CNY trumps Christmas

By Leila Hashemi Source:Global Times Published: 2018/2/11 5:03:40

It's beginning to look a lot like…Chinese New Year (CNY)! Today, as I walked out of my complex, I could feel the festiveness in the air. I saw couplets and paper cuttings on doors, lanterns hung on street lights and smiles on people's faces.

My WeChat has been filled with exciting travel plans from friends and even a mom and her daughter crafting their own hongbaos with silly animal faces. And then, it dawned on me. CNY is better than Christmas!

While they seem similar, Chinese New Year is so much less commercialized and much more family-focused than Christmas. Instead of one hectic day, people in China have one or two weeks to see their families. The customs are ancient traditions that promote positivity for the future.

In the West, Christmas day is for opening presents and rushing around, and most people don't even sit down to Christmas Eve dinner with their family. However, New Year's Eve dinner in China is the highlight of the Chinese festivities and the most important meal of the year.

I love Christmas because everyone is in anticipation of the same day of celebration, which is also why I fell in love with CNY. In the days leading up to the break, people are chattering about where they are going and preparing for journeys far or near. However, since the holiday lasts so much longer, there is not as much stress as trying to see everyone in your family and extended family in 24 short hours on Christmas day.

This year my mom will be coming to China from the US for CNY, and that makes me feel like I didn't even miss out on not being home for Christmas. Hotels are throwing lavish dinners, temple fairs will be featuring traditional treats and dances and the city will be peaceful and somewhat eerie when everyone departs for home. With 3,000 years of history, Chinese New Year has evolved, but with so many years under its belt, it did not turn into the consumerist monster that is Christmas in the West. I never cared about how many presents were under the tree. What I cared about most was the ability to slow down and spend time with my family and friends. Those traditions have almost been lost in most people's Christmas celebrations. However, they still ring true during the festivities of CNY.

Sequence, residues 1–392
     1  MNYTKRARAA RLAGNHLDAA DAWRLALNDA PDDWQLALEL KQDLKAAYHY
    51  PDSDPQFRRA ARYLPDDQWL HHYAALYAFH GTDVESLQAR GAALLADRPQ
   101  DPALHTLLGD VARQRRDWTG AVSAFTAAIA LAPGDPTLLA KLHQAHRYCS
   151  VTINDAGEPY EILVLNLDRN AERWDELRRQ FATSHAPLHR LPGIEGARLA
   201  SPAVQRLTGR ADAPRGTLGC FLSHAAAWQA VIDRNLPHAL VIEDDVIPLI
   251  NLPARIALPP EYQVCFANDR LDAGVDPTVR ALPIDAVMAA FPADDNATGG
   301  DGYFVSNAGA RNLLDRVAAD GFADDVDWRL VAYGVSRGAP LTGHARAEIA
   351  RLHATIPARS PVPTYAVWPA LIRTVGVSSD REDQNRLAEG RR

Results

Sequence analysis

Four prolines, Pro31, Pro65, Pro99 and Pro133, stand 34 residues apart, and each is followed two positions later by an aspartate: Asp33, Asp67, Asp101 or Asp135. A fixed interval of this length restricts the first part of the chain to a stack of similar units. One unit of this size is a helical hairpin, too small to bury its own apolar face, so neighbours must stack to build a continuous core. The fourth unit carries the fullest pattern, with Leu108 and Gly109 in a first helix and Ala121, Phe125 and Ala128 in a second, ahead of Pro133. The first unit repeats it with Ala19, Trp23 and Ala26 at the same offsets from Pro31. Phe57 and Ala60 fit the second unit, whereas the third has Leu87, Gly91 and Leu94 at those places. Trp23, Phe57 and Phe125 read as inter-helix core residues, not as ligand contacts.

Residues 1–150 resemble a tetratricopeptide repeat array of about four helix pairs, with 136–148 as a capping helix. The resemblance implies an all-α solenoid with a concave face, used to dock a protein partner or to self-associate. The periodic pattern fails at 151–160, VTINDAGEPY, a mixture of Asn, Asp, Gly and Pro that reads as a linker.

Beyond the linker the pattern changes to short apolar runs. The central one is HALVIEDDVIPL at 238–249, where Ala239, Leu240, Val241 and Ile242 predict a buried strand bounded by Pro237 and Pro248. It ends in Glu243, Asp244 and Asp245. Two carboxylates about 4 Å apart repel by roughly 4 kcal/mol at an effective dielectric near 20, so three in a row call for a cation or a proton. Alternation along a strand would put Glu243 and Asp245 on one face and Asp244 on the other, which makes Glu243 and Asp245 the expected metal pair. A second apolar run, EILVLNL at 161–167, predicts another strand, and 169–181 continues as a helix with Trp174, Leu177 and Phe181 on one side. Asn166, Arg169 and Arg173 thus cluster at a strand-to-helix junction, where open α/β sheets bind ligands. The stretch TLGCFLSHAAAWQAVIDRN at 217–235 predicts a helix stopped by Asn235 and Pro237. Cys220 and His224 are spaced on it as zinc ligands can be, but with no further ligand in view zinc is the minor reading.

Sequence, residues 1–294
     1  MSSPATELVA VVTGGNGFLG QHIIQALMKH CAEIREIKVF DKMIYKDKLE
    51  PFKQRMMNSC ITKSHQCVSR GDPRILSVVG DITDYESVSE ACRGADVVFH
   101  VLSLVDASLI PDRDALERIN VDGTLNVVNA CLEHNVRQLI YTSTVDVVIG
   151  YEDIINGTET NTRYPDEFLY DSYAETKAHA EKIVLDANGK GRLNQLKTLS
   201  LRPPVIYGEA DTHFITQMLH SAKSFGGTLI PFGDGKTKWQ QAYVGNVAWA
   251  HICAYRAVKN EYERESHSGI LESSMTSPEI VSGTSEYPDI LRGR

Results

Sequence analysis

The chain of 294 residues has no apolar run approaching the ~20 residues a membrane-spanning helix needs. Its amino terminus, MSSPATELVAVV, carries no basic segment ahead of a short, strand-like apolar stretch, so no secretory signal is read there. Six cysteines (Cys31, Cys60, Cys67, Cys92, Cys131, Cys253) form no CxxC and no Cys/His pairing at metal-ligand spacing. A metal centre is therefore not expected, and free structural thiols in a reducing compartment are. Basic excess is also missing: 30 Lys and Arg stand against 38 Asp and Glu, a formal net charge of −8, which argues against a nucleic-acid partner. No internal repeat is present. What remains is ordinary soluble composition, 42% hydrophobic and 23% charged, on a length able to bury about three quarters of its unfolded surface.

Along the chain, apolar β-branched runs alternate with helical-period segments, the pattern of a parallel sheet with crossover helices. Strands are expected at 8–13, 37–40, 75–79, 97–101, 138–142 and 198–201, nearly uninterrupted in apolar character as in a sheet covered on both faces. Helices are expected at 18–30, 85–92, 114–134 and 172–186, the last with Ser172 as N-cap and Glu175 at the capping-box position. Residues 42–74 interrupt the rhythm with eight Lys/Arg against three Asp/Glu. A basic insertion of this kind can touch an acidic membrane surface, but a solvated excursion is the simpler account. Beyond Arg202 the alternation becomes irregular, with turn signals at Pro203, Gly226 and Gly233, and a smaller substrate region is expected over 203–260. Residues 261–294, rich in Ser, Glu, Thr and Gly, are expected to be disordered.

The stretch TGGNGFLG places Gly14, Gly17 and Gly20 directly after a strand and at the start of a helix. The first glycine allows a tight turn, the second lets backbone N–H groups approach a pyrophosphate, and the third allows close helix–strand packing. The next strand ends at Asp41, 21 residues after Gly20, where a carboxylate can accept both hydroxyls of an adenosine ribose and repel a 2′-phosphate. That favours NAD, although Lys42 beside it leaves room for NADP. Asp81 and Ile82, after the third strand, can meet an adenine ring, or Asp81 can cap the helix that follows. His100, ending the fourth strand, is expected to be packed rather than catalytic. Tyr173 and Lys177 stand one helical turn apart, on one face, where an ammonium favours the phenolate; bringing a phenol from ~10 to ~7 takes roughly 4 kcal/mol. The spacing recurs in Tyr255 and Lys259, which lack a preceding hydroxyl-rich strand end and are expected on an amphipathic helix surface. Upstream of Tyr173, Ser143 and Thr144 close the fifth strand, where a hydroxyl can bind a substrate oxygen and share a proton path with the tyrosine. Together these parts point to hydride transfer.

This article was published on the Global Times Metropolitan section Two Cents page, a space for reader submissions, including opinion, humor and satire. The ideas expressed are those of the author alone, and do not represent the position of the Global Times.


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